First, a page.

I knew in my heart there must be a better way, and that’s when I learned the most amazing and magical thing! I learned that clients were willing to invest (a substantial amount of time and money) and commit to a several month program. Here’s how I did it.

investingSo if you are ready to move from a practice that has ebbs and flows to one that is consistent and supports you, then you’ll want to rethink how you currently offer your sessions.

If you see clients on a weekly basis, what happens to their therapeutic goals during holidays, summertime, or busy weeks, when they may cancel at the last minute? If your client is not fully committed you may suddenly hear that they need to take time off (especially during a difficult time during treatment).

However, you can develop programs to support your clients and help them to commit to sustainable changes, AND you can create ways to support your business (and yourself) all in alignment of being in service.

The gifts of creating programs for your clients are truly magical. You provide a greater level of support and commitment, and together you set clear goals you are working towards, and with that alchemy you’ll be amazed at how your clients will transform.

I remember the first time I offered a program, it was actually with a family that I adored working with, and they had been achieving some remarkable results in helping their children manage their meltdowns. However, I knew there was a missing piece. So I created a 3-month comprehensive program.  I actually saw the family less but provided more structure and tools, and as a result this family changed their whole system and both the parents and the children dramatically made changes in a VERY short period of time. Why? Because they had committed at a level financially, physically, and emotionally, more than they had done so in the past!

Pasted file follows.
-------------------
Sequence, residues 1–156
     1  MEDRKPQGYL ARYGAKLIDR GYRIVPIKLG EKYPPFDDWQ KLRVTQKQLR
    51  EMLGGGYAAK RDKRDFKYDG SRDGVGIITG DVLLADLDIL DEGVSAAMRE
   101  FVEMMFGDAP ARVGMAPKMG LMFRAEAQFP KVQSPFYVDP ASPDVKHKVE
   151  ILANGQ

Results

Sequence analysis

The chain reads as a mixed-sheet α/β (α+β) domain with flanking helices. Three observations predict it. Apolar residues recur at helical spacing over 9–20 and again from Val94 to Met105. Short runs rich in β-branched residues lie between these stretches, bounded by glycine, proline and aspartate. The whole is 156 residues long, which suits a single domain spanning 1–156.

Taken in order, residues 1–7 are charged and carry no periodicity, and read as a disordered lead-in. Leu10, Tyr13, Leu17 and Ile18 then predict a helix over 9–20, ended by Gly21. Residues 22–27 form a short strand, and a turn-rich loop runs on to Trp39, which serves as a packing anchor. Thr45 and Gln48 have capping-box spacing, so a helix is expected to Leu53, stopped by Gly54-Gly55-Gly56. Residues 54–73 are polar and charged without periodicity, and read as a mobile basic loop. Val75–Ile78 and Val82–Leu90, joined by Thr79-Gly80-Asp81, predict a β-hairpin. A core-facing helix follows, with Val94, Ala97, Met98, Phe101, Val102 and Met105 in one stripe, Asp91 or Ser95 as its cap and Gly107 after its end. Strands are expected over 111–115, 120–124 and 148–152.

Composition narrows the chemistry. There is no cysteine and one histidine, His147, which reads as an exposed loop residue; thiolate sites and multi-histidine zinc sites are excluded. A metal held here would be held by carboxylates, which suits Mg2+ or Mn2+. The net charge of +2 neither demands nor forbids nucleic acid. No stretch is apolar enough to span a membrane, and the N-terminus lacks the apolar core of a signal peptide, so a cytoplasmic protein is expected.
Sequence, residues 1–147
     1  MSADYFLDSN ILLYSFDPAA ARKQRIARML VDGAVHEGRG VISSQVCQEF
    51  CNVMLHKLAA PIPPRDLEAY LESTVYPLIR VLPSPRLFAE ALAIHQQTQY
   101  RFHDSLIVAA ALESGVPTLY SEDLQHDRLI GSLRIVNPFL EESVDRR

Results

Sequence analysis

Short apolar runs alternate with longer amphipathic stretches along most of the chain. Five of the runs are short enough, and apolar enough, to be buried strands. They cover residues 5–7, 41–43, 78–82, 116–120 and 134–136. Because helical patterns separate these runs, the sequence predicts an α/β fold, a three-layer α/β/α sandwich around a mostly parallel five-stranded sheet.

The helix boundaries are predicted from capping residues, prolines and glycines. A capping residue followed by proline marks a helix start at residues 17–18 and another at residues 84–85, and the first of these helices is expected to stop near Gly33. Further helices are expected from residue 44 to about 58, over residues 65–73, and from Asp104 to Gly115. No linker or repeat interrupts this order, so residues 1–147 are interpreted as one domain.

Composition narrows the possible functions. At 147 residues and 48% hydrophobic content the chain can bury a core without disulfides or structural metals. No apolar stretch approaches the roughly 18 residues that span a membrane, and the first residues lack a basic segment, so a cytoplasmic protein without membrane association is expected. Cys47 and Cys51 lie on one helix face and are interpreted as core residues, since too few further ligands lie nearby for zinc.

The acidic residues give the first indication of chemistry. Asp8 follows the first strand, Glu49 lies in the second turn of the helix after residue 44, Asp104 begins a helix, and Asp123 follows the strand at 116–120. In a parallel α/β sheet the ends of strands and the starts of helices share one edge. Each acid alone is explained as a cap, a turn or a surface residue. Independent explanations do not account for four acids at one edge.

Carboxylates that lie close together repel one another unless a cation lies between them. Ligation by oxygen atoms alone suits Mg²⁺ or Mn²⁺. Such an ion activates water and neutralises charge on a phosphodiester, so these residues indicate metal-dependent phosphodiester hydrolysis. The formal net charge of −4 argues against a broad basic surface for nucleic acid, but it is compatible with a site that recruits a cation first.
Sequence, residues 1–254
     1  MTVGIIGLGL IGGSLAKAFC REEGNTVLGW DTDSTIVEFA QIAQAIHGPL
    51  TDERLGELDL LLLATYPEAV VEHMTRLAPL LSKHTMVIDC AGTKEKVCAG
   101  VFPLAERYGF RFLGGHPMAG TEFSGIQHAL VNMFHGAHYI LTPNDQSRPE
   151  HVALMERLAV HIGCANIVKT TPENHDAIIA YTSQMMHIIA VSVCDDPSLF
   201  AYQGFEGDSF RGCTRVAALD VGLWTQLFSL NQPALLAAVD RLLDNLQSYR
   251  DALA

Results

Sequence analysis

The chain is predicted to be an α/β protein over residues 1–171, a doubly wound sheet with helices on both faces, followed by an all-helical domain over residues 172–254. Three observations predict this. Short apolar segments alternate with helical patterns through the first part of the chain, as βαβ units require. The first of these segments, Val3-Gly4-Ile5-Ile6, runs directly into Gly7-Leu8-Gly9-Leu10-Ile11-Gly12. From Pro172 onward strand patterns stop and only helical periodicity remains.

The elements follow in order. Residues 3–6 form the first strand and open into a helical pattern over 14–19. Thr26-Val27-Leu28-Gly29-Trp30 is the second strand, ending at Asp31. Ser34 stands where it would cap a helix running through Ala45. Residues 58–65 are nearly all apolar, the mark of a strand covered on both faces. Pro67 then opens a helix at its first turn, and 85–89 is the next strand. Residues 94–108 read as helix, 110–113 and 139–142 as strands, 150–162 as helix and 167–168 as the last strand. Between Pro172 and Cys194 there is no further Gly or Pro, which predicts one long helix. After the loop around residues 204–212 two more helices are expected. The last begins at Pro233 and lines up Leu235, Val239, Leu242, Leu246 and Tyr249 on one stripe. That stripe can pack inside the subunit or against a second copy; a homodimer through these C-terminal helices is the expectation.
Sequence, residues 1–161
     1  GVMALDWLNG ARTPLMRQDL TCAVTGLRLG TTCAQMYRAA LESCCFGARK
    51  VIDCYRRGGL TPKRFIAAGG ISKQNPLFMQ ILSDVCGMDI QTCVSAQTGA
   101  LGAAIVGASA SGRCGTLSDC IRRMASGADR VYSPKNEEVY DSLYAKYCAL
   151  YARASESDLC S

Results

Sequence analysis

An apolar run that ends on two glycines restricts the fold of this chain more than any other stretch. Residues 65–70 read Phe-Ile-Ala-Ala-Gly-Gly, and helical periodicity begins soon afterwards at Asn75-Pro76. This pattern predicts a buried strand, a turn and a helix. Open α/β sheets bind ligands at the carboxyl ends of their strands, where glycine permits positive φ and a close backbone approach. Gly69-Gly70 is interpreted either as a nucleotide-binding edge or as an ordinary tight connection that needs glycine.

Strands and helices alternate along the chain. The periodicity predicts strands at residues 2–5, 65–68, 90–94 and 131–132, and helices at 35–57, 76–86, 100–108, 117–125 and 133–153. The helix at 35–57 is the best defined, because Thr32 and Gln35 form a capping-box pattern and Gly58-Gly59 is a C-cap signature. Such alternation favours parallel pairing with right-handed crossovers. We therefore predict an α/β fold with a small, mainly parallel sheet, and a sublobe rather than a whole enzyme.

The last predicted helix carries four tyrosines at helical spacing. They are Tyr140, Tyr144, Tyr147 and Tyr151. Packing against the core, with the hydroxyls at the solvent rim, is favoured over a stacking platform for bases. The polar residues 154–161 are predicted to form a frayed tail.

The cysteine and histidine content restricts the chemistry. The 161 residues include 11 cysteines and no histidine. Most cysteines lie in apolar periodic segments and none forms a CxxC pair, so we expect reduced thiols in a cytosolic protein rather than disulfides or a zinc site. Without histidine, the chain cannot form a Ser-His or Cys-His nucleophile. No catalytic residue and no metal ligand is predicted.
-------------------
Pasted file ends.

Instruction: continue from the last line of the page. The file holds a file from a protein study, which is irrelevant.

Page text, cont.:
Here are the steps you can take to introduce a program into your practice as well:

  1. Identify the core problems your clients are encountering
  2. Be clear on the benefits they will get in working with you
  3. Create a unique “signature system” that you can take your clients through during the program to help them move towards their desired outcomes
  4. Set the program timeframe (3 months, 6 months)
  5. Let all your current clients know this is a new program you are sharing and be clear on how it differs from current therapy (more support/specific strategies) and why it would benefit them

When you create programs you focus on the outcomes you and your clients are working towards, AND you will create consistency in your practice. Not only will you empower your clients and offer new opportunities to support them, you’ll create a business that supports you year round!